How do I tag an underwater wall, below the sea level, and next to the beach? I mean, you can't see the wall from above, but there it is, in Roquetas de Mar beach, in the Mediterranean. --Schumi4ever 15:08, 30 December 2010 (UTC)
- In INT-1 there are a suggestion, see groyne - underwater or similar in the Port section --Skippern 13:04, 31 December 2010 (UTC)
Wall vs. fence
What is the difference between a wall and a fence?
One possible definition is that you can see through (or over) a fence but you can't see through a wall.
That would be a viable definition. It's accurate and easy to evaluate on the field. However, there are types of barriers commonly called a "fence" where you can't see through. Particularly, you can't see a fence made of panels of wood planks, placed very close together. Except that you can see a little through the gaps, especially as the fence gets older and the timber shrinks. Perhaps this is enough to call it a fence.
Key "wall =" not clear: purpose, or building method ????
Not goodː "The value should indicate the principal feature of the wall, which could be the type, the purpose, or the building method"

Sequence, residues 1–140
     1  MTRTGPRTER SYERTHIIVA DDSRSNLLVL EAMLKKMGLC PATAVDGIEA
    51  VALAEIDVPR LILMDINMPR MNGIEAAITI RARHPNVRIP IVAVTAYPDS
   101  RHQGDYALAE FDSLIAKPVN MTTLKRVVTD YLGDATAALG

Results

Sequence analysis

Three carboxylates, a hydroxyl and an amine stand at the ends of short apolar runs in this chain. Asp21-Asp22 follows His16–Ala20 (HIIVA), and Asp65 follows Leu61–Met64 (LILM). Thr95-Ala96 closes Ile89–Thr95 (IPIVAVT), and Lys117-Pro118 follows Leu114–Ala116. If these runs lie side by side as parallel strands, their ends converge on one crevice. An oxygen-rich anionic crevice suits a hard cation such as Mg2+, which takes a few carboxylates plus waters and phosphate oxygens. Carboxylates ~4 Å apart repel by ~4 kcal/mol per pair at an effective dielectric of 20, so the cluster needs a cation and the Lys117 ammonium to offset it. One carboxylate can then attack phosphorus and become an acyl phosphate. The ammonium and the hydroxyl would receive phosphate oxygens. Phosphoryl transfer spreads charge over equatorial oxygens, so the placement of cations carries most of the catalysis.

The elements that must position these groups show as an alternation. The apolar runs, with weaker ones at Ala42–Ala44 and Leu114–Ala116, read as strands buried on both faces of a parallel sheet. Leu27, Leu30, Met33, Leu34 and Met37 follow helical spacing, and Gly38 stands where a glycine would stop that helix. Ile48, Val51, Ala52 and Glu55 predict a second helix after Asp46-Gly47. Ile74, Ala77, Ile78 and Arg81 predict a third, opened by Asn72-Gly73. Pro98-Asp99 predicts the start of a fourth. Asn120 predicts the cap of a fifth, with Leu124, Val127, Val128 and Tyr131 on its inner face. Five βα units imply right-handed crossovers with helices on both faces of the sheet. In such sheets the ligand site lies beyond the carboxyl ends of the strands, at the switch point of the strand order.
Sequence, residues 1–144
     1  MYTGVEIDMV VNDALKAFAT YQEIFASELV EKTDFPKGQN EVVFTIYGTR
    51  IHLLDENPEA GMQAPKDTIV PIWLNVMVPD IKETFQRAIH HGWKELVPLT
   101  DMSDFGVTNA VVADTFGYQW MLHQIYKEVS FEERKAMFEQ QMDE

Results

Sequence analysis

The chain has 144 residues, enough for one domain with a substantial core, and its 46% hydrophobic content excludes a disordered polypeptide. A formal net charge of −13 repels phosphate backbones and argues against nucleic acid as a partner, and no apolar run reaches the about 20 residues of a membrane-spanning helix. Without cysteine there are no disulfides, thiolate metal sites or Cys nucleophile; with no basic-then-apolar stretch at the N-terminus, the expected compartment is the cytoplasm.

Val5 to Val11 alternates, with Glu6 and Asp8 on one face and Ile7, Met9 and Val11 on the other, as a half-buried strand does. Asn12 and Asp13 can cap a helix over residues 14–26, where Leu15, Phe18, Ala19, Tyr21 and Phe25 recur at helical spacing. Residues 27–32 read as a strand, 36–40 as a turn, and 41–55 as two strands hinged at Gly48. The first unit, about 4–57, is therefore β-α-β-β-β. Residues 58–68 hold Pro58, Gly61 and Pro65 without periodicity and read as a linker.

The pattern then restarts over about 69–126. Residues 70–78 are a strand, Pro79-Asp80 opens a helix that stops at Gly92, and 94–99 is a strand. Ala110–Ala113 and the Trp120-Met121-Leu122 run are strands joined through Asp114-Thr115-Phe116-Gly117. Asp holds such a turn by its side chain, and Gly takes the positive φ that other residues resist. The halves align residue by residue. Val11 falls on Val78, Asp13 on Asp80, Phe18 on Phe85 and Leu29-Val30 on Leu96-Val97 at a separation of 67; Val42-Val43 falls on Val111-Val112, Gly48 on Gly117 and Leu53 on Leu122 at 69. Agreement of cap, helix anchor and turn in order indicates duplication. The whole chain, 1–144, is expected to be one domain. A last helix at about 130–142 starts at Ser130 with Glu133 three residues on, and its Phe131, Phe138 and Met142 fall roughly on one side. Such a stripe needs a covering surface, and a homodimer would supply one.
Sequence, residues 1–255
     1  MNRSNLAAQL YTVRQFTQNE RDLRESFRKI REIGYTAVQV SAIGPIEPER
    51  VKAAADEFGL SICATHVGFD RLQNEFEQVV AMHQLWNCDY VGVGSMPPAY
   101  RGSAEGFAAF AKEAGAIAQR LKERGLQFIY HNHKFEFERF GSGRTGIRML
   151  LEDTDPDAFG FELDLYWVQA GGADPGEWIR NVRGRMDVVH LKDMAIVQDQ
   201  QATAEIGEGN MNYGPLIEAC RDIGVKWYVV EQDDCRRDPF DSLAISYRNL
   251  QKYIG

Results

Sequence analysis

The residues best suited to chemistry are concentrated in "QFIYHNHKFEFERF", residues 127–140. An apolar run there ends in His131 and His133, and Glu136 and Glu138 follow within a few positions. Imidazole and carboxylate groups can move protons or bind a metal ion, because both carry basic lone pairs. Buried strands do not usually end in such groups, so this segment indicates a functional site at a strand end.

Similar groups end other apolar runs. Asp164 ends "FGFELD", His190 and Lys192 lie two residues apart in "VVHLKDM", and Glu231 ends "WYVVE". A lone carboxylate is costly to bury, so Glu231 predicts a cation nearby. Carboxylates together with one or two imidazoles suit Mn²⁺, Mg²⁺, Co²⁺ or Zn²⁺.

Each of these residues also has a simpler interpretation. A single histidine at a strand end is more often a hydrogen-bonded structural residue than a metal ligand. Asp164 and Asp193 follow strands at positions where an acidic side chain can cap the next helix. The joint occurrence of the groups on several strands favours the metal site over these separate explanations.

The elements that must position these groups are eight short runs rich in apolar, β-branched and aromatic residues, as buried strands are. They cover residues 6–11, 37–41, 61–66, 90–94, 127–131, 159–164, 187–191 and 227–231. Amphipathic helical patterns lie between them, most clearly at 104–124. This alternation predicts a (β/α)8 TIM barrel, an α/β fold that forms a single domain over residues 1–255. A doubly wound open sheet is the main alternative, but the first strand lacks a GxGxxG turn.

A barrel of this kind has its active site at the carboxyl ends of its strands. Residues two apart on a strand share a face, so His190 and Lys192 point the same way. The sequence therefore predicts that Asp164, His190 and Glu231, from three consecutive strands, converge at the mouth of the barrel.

A Key shold set a clear aspect of the objectǃ
Purpose or building method are very different thingsǃ In my opinion the key "wall" shold only set the purpose. The building methode can be additionally specified with key "material". Please rethink thisǃ
- I agree about this. I think the barrier=wall tag should be for the types of walls just like fence_type=*. For example, wall=dry_stone, wall=brick, and wall=flint should be removed from this tag as they better fit as material=* values. Wall=yes and wall=no are perfectly fine as it can also describe details of building walls. Although I think we need a better wall type for regular brick or concrete barrier walls. Wall=yes or wall=solid either in conjunction with a material could be a solution but I feel like wall=solid instead of wall=yes could be the best option for a generic type of barrier wall. --Mxdanger (talk) 21:59, 15 January 2018 (UTC)